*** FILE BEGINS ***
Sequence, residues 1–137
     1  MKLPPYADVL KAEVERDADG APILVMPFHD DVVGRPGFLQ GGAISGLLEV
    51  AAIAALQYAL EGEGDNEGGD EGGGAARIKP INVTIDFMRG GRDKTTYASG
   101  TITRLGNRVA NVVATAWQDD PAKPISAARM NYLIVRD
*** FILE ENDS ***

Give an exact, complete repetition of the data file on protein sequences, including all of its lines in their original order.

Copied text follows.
Sequence, residues 1–137
     1  MKLPPYADVL KAEVERDADG APILVMPFHD DVVGRPGFLQ GGAISGLLEV
    51  AAIAALQYAL EGEGDNEGGD EGGGAARIKP INVTIDFMRG GRDKTTYASG
   101  TITRLGNRVA NVVATAWQDD PAKPISAARM NYLIVRD